Previously in "Curiouser": Kayren Lovett, daycare worker and former single mother.
She was curious about: The life of a single father.
Locating a single dad was more difficult than I had anticipated.
"You can thank the courts for that," says Chris Nash, whom I found through a friend. He says that in his eight years as a single dad, he has yet to meet another father with outright custody.
A St. Pete native who lived in Clearwater Beach and Ft. Lauderdale before moving to Atlanta to work for GE Capital, he came to single fatherhood as the result of a tragic accident. He was sharing custody of his son Alex with his ex-wife when she was killed in a highway collision; Alex, still a toddler, was strapped into the backseat at the time. That was eight years ago this month, but Alex "still remembers everything," says Nash.
Nash left his high-paying job, bought a farm and spent the next two years teaching tennis, growing things and raising his son. The farm "helped me get through the process of losing his mom. I had really cared about her."
Now living in the Hillcrest neighborhood in Clearwater, Chris and Alex have a big backyard garden -- 25-by-45 square feet of tilled and irrigated rows of green. Chris slides open the glass door to the patio and slips out of his loafers into a pair of galoshes, or "farming boots," as he calls them. He pulls a few ripe red tomatoes off the vine. "Don't know why," he says, "but farming helped me understand the life cycle."
Alex, who just finished sixth grade, pads out in white socks, complaining he can't find his Fall Out Boy T-shirt. The two go into the laundry room off the side of the house and sort through clean and dirty clothes together until they find it.
Alex was born without a left arm. It may seem that "God has taken a lot," says Chris, but "he's totally compensated, this child. ... The only handicap he's got is me."
Alex has never had a babysitter. "When I go sailing," says Chris, "he goes sailing. He can catch all by himself."
Alex makes a face. "I don't like to keep fish. I always throw them back."
The Nash home is a warm, open space, with hardwood floors, a fireplace and two TVs in the living room ("Because I can," Chris says grinning), one on top of the other. Before dinner, Alex lies on the couch still in stocking feet (nearly black on the bottom), while Chris stands with one hand on his hip. Tucker, their 1-year-old Manx cat, watches the simultaneous flicker of ESPN and the Weather Channel.
After a few minutes, Chris is back in the kitchen pulling baked chicken out of the oven and slicing his homegrown tomatoes.
The family had lived for a year on the Georgia farm when a real estate appraiser, a friend of Chris, offered him a job in Clearwater. The family packed up and headed back to Florida. "All I wanted to do was get back to the beach, raise him on the beach," he says.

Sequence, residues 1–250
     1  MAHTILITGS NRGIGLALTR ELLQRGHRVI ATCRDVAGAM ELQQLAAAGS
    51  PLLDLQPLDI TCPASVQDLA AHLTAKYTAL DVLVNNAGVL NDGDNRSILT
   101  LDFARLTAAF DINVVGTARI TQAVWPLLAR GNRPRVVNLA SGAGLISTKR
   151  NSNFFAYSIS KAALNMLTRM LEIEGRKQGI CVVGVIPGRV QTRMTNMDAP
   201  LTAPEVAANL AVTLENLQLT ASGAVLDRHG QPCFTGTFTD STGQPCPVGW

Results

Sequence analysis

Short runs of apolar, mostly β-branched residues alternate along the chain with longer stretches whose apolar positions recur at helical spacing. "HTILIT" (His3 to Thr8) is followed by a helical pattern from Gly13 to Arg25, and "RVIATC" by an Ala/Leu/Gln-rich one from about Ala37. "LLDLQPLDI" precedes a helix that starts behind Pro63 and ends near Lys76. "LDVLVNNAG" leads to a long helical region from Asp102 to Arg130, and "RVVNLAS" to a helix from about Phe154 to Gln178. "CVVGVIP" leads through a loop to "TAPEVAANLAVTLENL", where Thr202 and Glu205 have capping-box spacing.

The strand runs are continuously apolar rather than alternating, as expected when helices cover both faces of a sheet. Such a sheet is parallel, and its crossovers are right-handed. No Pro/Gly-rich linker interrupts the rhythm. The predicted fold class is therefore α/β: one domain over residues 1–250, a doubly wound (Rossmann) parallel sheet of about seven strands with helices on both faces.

The following few years were busy ones. Each morning Chris would drop Alex off at Skycrest Christian School in Tampa, work 9-5 and take night courses in Brandon to earn his appraiser certification. Two years ago he opened his own firm.
He has little time for school meetings, but says the women at school "seem to take care of him a little more. Not that he needs it. He's very self-sufficient." Alex says school bores him (P.E. is his favorite class), but framed honor-roll awards hang in the hallway. Other citations sit on the glass desk in Chris' home office next to Realtor magazine and the fax machine.
Alex picked up the electric guitar last year and knows how to play "'Smoke on the Water,' and some others I made up." He also surfs and skateboards; pictures around the house show him surfing during Hurricane Rita. He's not allowed to watch South Park and says, in a distraught tone, that he can only drink Coke occasionally when they go out to eat.
Chris says Alex is a child "of 1,000 questions." Once he asked his dad, "If you could do anything you wanted to do in life, what would it be?"
After some thought, Chris replied, "I'd get a job traveling the world taking pictures of beautiful things."
"It was a question I would have never thought to ask myself," Chris adds. As an appraiser, photography had always been a part of his job, but his son's comment prompted him to start taking pictures for pleasure. Photos of various plants and flowers and his son line the walls.
"If you want to accomplish something in life, get it done. That's what I want to teach my child; if you want something, get it done."
Nash says, laughing, that he'd like to meet a woman who can "clean and cook a fish," but is quick to add that he's making a joke. "Every time I get an urge to meet a girl, I just put a boat in the water and go fishing." He likes doing "whatever I want when I want" and not having to answer to anyone -- except, perhaps, to Alex.
Chris is curious about: A wounded veteran; the parent of a fallen Marine; or the parent of a child killed by DUI. In the next installment, I'll find out about one of them.
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